Bad parenting trait #1: you talk at your child instead of with them
Communication between parent and child can be a tricky thing, especially as children become older and have opinions of their own. These traits may have come from advice from your parents, while others you may have picked up on your own. Dr Barbara Greenberg, a clinical psychologist known for her focus on the mental health of adolescents and teens, says communicating in the right way is key for parents. “Toxic parents are known for not listening to their kids, but instead, talking over them or at them,” she says. “If parents recognise themselves doing this they should make a concerted effort to remain silent and listen, listen, and listen some more. If kids feel listened to they will talk more and confide more.
Bad parenting trait #2: you get lost in negative thoughts
Parents can have the tendency to get lost in their own thoughts, and for toxic parents, this behaviour can lead to a negative response in their children. Dr Jeffrey Bernstein, an internationally recognised child psychology expert says that a parent’s thoughts are often at the root of negative behaviour in children. He explains, “No kid is perfect, but parents often don’t realise just how much their own thoughts, rather than their children’s behaviour, contribute to their own emotions.” Parents that catch themselves in a cycle of negative thinking should take a step back and rephrase their negative thoughts into more positive ones. For example, rephrasing the thought “He’s being such a brat today,” into “He’s having a hard time today, I wonder what’s going on,” can have a big impact on your interaction with your child.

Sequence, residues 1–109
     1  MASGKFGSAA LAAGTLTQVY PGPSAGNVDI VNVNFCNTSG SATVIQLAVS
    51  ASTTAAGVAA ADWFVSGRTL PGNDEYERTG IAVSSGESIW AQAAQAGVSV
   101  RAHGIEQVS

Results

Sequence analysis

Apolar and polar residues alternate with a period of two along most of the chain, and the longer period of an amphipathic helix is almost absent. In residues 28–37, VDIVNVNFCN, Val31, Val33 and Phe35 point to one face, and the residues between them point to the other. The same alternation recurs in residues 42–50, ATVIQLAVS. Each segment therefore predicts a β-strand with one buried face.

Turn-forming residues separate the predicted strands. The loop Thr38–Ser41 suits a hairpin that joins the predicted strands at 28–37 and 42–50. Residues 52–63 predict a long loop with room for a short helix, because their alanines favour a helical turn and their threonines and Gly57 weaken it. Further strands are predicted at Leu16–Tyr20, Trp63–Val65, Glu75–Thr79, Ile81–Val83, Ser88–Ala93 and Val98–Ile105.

Bad parenting trait #3: you don't manage your own frustrations
Parenting is fraught with frustrations on a daily basis, and recognising these trigger points can be the first step in making life easier. Dr Bernstein believes that parents can recognise how their own frustrations impact their child’s behaviour. “When you learn to identify and manage your own parenting frustrations, you’ll be amazed at how your child’s challenging behaviours can quickly improve,” he says. This might mean that you schedule extra time into your morning routine to prepare for a lengthy breakfast, or the five extra minutes your child needs to put her shoes on just right. Instead of berating your child for your own lack of planning, find ways to reduce the frustration before it begins.